Time’s Up: Women and Environment

Current Location: London, UK

I recognize that I am an incredibly privileged person. I am a white cis American woman who grew up in a loving and supportive two parent household. I had access to food every day, education and healthcare, and I have lived in safe and clean communities.

Yet, I too have experienced gender based discrimination and harassment in academic, social, and professional settings. If a woman like me, who has had the most opportunities, still experiences sexism and harassment, I cannot even imagine what is endured by marginalized women, women of color, trans women, etc.

I have never been one to hold my tongue when faced with overt or subtle sexism because I am not afraid. I have never had to worry that I would lose my job, that people would dislike me, or that I would experience backlash. But not everyone is in the same privileged position as I am, so I hope I can use my voice to support women who feel that they must be silent.

Separately, I feel passionately that women are integral to sustainable development. I strongly recommend checking out this World Resources Institute blog post from International Women’s Day in 2016, entitled “If You Care About the Environment, You Should Care About Gender.” When I was an intern at WRI on the Food Team, I wrote the following excerpt as a draft of a “gender box” which highlighted the critical role that women must play on the path to sustainable consumption.


Around the world, women play a crucial role in household food security. Women farmers produce half of the world’s food, and between 60–80 percent of food crops in developing countries.[i] However, on average, farms operated by women have lower yields than those operated by men, even when men and women come from the same household and cultivate the same crops. For example, the World Bank found that in parts of Burkina Faso women had an 18 percent lower crop yield than their male counterparts in the same household.[ii]

Inequitable access to inputs and property explain much of this gap. For instance, women typically have less access than men to fertilizer and improved seeds and to market information. They have less ability to command labor, both from unremunerated family members and other members of the community.[iii] In rural areas of sub-Saharan Africa, 95 percent of resources and technical assistance (access to information and to inputs such as improved seeds and tools) are currently channeled to men, despite women’s crucial role in food production.[iv] In some developing countries, women also may have lower levels of education, constraints on mobility, and high additional time commitments for child-rearing, gathering of firewood and water, and cooking.[v]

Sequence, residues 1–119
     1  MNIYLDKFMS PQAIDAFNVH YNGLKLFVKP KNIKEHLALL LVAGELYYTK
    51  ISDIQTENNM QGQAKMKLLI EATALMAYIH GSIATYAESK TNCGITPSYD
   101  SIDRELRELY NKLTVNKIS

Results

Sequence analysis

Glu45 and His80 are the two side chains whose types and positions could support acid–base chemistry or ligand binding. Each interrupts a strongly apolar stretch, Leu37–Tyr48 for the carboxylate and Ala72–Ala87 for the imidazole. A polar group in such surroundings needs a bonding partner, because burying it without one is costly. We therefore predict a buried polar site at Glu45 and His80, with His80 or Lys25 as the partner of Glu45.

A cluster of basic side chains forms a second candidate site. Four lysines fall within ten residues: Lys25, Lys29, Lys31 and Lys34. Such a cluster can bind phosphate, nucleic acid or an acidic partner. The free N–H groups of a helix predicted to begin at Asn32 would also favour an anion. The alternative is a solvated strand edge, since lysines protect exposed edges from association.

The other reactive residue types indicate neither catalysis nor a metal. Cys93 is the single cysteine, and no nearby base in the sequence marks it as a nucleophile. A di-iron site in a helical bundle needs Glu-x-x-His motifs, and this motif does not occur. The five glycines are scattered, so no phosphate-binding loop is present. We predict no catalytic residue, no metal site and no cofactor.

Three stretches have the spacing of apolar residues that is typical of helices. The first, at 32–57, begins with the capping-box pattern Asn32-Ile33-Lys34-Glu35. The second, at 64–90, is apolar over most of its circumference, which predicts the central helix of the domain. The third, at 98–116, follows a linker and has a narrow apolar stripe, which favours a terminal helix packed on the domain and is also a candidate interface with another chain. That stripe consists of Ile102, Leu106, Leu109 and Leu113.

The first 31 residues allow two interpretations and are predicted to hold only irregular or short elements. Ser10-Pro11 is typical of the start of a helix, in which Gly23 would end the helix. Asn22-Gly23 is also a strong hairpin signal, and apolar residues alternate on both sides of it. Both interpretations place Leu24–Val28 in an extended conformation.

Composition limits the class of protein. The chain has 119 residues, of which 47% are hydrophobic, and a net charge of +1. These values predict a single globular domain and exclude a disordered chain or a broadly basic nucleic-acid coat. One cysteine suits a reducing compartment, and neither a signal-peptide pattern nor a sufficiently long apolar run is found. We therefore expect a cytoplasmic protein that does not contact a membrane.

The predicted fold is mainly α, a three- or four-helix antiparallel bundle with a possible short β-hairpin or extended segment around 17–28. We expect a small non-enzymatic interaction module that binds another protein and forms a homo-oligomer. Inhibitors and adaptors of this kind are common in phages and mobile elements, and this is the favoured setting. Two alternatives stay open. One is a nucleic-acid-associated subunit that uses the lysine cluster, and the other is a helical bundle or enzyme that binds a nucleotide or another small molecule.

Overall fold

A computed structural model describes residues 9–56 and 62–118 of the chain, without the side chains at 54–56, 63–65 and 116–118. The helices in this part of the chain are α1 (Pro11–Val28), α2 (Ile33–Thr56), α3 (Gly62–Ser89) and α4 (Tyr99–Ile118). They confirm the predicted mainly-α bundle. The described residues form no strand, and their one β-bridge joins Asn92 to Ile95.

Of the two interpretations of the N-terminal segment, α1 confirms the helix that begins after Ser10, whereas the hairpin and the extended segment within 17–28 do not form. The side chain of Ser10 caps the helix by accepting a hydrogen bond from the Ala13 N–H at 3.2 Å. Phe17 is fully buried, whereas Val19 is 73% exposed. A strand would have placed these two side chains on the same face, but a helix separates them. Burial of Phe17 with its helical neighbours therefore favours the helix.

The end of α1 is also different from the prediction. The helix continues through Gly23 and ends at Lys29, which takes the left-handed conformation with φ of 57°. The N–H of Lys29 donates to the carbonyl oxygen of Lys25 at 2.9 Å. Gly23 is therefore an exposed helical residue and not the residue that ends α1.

Perhaps most difficult to rectify is women farmers’ lack of property rights, which reinforces their limited access to inputs and credit because credit often requires collateral such as land. Although women represent an estimated 43 percent of the world’s agricultural labor force, they control far less land: in Kenya, for instance, women are only 5 percent of the nation’s registered landholders.[vi]

Studies project that rectifying these imbalances can increase yields. For example, the World Bank has estimated that if women farmers were to have the same access as men to fertilizers and other inputs, maize yields would increase by 11–16 percent in Malawi, by 17 percent in Ghana,[vii] and by 20 percent in Kenya.[viii] Overall, ensuring women’s equal access to productive resources could raise total agricultural output in developing countries by 2.5 to 4 percent.[ix]

These gains in turn could have disproportionate benefits for food security because women are more likely than men to devote their income to food and children’s needs.[x] IFPRI estimates that improvements in women’s status explain as much as 55 percent of the reduction in hunger in the developing world from 1970 to 1995. Progress in women’s education can explain 43 percent of gains in food security, 26 percent of gains in increased food availability, and 19 percent of gains in health advances.[xi] In the same vein, FAO estimates that providing women with equal access to resources could reduce world hunger by 12–17 percent.[xii]

[i] FAO (n.d.) [ii] World Bank (2011) [iii] UN (2012) [v] World Bank, FAO, and IFAD (2009) [vi] World Bank (2011) [vii] World Bank (2011) [viii] World Bank, FAO, and IFAD (2009) [ix] UN (2012) [x] World Bank, FAO, and IFAD (2009) [xi] IFPRI (2000) [xii] FAO (2011a)


 

Life is not a zero-sum game. As this excerpt demonstrates, women’s empowerment does not mean the fall of men. To put it in economic terms: a rising tide lifts all boats. Equality benefits everyone, and I think it is crucial for both women and men to contribute their platform, to lend their voice to the chorus that says:

“No more silence. No more waiting. No more tolerance for discrimination, harassment or abuse. Time’s up.”

♲CV♲

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